Early Manawatu settlers had quite the back story
MEMORY LANE: The glossy book cover shows a line of people in silhouette, making their way up and down a big green hill.
Inside is an extraordinary story – the saga of one family with its highs and lows, joys and sorrows, over seven generations from the late 1700s to the late 1930s. And it's all true.
The author, Judy Heaphy, born in Palmerston North, but now living in Wellington, has named her book Up and Down the Hill Side as a punning reference to this tale of her father's family, the Hills, of England and New Zealand.
It's dedicated to her father, Walter Ritson Hill, who died at the early age of 43, when Judy was nine. "How I wish I could share it with him," she says.
Heaphy has been researching the Hills' history since her early 20s – she's now in her 60s. Even as a child, she was curious about her antecedents. Her late mother once told her: "Well, your father's mother [Judy's grandmother] was born in jail, so there's not even a birth certificate for her."
Heaphy's first thought was: "What?"
As an adult, it occurred to her that if someone had been born in jail, there must be a record. There was. Her grandmother's birth had not been in prison, but when she was a small child, her mother had gone to jail several times for petty offences.
Now she says: "As family stories are passed down, parts of the truth sometimes get altered a little, albeit unintentionally." It's important, she stresses, to "check and re-check, not be judgmental, and keep the facts".
For Up and Down the Hill Side, Heaphy spent three-plus years writing, after meticulously mining birth, death and marriage certificates, cemetery, electoral, parish and census records, wills, electoral rolls and personal recollections, and visiting ancestral English home towns.
The result is a fascinating read, with an extensive index and a deft touch that turns facts and figures into absorbing tales, many of them heartbreaking reminders of the times in which the participants lived.
The story starts in a tiny village called Stoak, in the English county of Cheshire, 1680s, with the first "proven" Hill family – Thomas and Ann Hill – and weaves through the later generations.
Much later, in 1899 New Zealand, their descendant, blacksmith John Hill, and his wife Mary Jane Kear Hill, would move from Christchurch to the Manawatu town of Rongotea, where they lived until John's death 16 years later.
Their great-great granddaughter, Heaphy's niece, and her family have now settled in Rongotea as her pioneer ancestors did. Other family members arrived in Palmerston North, living on Rangitikei Line, Ada St, Church St and Stonehaven Cres.
Heaphy has visited Stoak, where the original Thomas Hill was a dairy farmer and cheesemaker, and says it still retains some of the old-world atmosphere of the late 18th and early 19th centuries, when hundreds of orchard fruit trees blossomed fragrantly in spring, and no speeding cars, trucks or even trains broke the quietness. Life largely revolved around the village church.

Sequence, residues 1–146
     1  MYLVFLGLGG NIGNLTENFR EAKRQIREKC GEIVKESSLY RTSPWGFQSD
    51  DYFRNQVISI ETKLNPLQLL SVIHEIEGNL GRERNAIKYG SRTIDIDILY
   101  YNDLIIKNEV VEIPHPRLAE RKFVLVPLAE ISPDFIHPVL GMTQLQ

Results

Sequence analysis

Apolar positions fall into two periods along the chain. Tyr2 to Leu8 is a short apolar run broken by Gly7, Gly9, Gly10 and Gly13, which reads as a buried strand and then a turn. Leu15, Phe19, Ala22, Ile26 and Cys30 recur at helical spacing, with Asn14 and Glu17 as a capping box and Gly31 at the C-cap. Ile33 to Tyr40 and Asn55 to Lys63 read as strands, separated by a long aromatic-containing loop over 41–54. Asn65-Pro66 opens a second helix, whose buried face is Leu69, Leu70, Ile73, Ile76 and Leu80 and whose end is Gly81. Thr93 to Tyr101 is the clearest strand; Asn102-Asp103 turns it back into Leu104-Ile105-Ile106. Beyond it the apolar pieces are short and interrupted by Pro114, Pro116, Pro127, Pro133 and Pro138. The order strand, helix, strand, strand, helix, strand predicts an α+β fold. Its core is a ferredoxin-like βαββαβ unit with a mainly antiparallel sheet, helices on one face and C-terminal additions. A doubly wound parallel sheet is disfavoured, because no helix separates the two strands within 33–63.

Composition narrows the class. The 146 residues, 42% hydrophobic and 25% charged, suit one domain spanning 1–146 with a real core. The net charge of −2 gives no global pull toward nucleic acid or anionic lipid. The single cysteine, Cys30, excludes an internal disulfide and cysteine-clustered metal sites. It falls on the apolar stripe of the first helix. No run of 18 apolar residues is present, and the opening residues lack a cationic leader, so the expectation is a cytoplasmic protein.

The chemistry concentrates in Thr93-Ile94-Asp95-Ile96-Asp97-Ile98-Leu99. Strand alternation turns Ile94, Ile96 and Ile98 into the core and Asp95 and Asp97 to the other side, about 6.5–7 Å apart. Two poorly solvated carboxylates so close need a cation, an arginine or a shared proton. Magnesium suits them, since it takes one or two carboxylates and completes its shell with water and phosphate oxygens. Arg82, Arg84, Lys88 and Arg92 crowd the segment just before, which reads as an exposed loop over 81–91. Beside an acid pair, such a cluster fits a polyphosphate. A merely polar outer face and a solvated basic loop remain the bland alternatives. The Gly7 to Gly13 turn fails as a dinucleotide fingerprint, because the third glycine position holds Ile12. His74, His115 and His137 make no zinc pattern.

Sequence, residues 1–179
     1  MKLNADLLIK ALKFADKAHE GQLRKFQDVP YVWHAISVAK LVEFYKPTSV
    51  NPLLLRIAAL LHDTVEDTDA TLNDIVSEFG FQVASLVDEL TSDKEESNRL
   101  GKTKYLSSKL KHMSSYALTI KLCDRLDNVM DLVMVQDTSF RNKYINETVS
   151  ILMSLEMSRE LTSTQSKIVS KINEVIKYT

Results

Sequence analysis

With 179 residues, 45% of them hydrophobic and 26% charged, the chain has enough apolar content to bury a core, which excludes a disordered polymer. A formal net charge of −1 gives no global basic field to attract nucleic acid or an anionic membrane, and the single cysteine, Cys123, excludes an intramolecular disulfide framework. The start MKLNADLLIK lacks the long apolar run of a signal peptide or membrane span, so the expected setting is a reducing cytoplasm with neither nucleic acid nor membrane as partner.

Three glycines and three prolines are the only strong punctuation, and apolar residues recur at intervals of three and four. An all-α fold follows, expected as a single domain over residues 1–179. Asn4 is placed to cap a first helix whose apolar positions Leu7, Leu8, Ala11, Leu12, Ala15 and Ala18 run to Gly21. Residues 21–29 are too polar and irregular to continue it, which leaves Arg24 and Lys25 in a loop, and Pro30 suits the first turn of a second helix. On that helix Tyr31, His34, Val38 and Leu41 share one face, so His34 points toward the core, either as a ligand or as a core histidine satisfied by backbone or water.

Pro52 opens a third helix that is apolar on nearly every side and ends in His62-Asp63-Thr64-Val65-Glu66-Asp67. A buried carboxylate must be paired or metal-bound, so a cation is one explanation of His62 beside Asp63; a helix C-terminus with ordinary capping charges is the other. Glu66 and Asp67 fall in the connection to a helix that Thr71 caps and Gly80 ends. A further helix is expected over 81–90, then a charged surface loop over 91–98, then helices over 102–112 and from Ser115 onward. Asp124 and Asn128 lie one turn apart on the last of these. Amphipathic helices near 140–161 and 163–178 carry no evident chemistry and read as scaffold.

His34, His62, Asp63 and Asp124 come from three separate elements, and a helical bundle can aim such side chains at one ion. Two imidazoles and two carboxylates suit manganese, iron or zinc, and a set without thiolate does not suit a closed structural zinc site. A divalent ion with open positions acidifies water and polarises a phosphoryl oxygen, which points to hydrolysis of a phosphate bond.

Charles Hill and Mary Mather Hill were married in 1852, on a Tuesday. Heaphy, in one of many informational asides, notes the old rhyme: Marry on "Monday for health/Tuesday for wealth/Wednesday the best day of all/Thursday for crosses/Friday for losses/Saturday for no luck at all."
In 1855, the couple were accepted as assisted immigrants to New Zealand, but then put off their April leavetaking. When they were again ready to go, they literally missed the boat – a train mix-up made them miss their ship's departure.
Finally, on October 23, Charles and Mary, with their two little children, disembarked in Lyttelton, New Zealand, off the ship Cashmere.
The adventures and misadventures which followed the Hill families and branches in both countries are reported in detail. "I dig away and I never give up," Heaphy observes.
There was Herbert, who in the 1890s stole from his employer in England, served a year in prison and then escaped to faraway New Zealand and reinvented himself. He died a bachelor and pillar of respectability, his past still a secret.
Ann Ellen became a servant in Liverpool in 1851 after her family fell on hard times. The two old spinster sisters she looked after for 30 years died, but left her a life income in their wills. Reginald, 21, died from a head knock during a Greymouth rugby league match in 1920, attractive Clarisse was a fortune-teller in the 1930s.
Many of the numerous Hill children died young. "Consumption", or tuberculosis, the scourge of the 19th century, took others, but the Hill men who went to war came back alive. There was widowhood and runaway husbands, accidents and a suicide, children born out of wedlock, bigamy, tipplers and teetotallers, comfort and poverty, weddings and remarriages – even a manslaughter charge, which was withdrawn.
One thread runs through the narrative – strong individuals who strove to make the best of their situations.
Heaphy has written two previous books: The Point of No Return and A Dent in the Family Tree, based on her husband's Dent family line.
Only 30 copies of have been printed by the Printery, at Massey University, for family and friends, but Heaphy hopes to have the whole text reproduced via the online, fully-searchable New Zealand Electronic Text Centre.
Heaphy's family was fully involved in her project, with son Devon proofreading, daughter Jaslyn designing the cover art, son Regan providing input on some of the text, sister Gloria Galloway giving support, and, says Heaphy, her husband Phil "keeping the coffee coming and not minding how much time I spend writing".